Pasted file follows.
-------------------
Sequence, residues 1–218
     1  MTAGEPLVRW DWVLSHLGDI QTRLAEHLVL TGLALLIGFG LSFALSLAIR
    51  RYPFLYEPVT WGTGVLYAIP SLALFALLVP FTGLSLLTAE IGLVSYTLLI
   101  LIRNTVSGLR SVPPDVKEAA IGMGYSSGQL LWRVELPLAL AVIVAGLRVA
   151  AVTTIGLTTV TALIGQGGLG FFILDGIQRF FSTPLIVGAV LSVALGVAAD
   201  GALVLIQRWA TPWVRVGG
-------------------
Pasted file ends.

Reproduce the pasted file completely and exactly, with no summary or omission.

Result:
Sequence, residues 1–218
     1  MTAGEPLVRW DWVLSHLGDI QTRLAEHLVL TGLALLIGFG LSFALSLAIR
    51  RYPFLYEPVT WGTGVLYAIP SLALFALLVP FTGLSLLTAE IGLVSYTLLI
   101  LIRNTVSGLR SVPPDVKEAA IGMGYSSGQL LWRVELPLAL AVIVAGLRVA
   151  AVTTIGLTTV TALIGQGGLG FFILDGIQRF FSTPLIVGAV LSVALGVAAD
   201  GALVLIQRWA TPWVRVGG